Who’s afraid of adversarial transferability?

Ziv Katzir, Yuval Elovici

arXiv preprint arXiv:2105.00433, 2021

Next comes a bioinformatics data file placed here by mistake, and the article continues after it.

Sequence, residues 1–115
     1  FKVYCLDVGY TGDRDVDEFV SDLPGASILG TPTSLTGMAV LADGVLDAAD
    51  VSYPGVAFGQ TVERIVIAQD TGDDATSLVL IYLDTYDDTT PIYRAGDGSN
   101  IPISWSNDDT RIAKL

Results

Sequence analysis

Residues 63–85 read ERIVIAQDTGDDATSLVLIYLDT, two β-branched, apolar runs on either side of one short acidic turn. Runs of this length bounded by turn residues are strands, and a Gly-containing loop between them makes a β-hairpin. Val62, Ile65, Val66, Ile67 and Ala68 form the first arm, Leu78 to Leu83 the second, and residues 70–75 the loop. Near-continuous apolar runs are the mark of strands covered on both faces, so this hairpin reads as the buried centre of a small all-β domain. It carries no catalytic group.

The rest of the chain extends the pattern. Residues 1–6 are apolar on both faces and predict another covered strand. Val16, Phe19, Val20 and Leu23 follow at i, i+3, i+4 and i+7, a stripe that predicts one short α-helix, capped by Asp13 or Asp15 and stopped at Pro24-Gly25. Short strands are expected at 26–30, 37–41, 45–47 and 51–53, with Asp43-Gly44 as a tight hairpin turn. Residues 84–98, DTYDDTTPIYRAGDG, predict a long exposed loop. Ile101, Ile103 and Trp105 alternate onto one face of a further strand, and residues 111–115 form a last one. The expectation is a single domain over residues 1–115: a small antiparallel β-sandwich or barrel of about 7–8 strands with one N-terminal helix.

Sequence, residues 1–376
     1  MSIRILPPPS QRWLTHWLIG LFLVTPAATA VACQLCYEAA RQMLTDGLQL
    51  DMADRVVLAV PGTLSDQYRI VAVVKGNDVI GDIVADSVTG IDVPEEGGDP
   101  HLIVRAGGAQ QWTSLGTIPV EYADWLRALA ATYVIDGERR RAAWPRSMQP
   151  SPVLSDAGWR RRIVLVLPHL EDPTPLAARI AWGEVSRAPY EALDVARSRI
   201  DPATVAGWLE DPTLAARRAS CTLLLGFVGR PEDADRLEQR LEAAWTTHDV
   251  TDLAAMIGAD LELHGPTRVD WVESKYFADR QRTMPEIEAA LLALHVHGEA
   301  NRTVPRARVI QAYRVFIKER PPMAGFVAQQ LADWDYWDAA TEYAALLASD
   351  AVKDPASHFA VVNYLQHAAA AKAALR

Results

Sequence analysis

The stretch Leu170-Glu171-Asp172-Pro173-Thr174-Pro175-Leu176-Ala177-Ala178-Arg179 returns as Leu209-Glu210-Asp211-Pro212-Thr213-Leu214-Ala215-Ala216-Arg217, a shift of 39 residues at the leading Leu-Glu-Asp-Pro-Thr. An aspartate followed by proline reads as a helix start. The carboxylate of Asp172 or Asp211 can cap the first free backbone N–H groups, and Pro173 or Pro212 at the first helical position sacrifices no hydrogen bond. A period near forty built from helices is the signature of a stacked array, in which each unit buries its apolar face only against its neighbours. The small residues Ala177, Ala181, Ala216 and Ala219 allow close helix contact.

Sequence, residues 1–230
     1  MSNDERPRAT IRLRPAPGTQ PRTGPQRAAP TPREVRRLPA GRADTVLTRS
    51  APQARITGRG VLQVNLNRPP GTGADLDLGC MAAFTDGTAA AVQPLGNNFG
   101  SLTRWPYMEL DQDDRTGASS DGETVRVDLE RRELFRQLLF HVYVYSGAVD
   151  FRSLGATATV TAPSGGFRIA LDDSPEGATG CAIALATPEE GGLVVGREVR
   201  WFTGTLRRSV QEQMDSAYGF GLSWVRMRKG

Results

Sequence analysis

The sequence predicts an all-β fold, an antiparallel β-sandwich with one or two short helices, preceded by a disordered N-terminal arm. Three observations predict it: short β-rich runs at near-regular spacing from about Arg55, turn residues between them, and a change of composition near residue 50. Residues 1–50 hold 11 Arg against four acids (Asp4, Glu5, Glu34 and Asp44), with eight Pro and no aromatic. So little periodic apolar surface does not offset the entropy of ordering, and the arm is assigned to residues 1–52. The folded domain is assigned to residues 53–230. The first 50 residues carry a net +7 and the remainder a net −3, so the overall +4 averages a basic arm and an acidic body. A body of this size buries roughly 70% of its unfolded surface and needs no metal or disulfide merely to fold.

Adversarial transferability, namely the ability of adversarial perturbations to simultaneously fool multiple learning models, has long been the “big bad wolf” of adversarial machine learning. Successful transferability-based attacks requiring no prior knowledge of the attacked model’s parameters or training data have been demonstrated numerous times in the past, implying that machine learning models pose an inherent security threat to real-life systems. However, all of the research performed in this area regarded transferability as a probabilistic property and attempted to estimate the percentage of adversarial examples that are likely to mislead a target model given some predefined evaluation set. As a result, those studies ignored the fact that real-life adversaries are often highly sensitive to the cost of a failed attack. We argue that overlooking this sensitivity has led to an exaggerated perception of the transferability threat, when in fact real-life transferability-based attacks are quite unlikely. By combining theoretical reasoning with a series of empirical results, we show that it is practically impossible to predict whether a given adversarial example is transferable to a specific target model in a black-box setting, hence questioning the validity of adversarial transferability as a real-life attack tool for adversaries that are sensitive to the cost of a failed attack.